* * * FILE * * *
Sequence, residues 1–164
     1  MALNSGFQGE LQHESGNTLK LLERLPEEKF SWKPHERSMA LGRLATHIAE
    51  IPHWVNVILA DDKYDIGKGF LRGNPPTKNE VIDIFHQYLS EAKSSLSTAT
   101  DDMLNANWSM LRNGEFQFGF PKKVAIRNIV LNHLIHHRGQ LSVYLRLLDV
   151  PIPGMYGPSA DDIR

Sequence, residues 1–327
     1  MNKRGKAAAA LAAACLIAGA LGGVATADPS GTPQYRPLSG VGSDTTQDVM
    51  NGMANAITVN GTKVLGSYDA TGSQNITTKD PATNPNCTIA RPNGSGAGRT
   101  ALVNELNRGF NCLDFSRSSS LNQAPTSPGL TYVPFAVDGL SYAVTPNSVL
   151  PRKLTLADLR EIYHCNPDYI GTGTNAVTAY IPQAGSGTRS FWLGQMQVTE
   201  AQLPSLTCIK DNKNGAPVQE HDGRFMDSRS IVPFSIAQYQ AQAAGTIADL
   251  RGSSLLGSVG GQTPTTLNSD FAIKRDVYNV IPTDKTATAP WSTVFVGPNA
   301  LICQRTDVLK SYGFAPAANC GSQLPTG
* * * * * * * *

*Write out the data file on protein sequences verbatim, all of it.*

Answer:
Sequence, residues 1–164
     1  MALNSGFQGE LQHESGNTLK LLERLPEEKF SWKPHERSMA LGRLATHIAE
    51  IPHWVNVILA DDKYDIGKGF LRGNPPTKNE VIDIFHQYLS EAKSSLSTAT
   101  DDMLNANWSM LRNGEFQFGF PKKVAIRNIV LNHLIHHRGQ LSVYLRLLDV
   151  PIPGMYGPSA DDIR

Sequence, residues 1–327
     1  MNKRGKAAAA LAAACLIAGA LGGVATADPS GTPQYRPLSG VGSDTTQDVM
    51  NGMANAITVN GTKVLGSYDA TGSQNITTKD PATNPNCTIA RPNGSGAGRT
   101  ALVNELNRGF NCLDFSRSSS LNQAPTSPGL TYVPFAVDGL SYAVTPNSVL
   151  PRKLTLADLR EIYHCNPDYI GTGTNAVTAY IPQAGSGTRS FWLGQMQVTE
   201  AQLPSLTCIK DNKNGAPVQE HDGRFMDSRS IVPFSIAQYQ AQAAGTIADL
   251  RGSSLLGSVG GQTPTTLNSD FAIKRDVYNV IPTDKTATAP WSTVFVGPNA
   301  LICQRTDVLK SYGFAPAANC GSQLPTG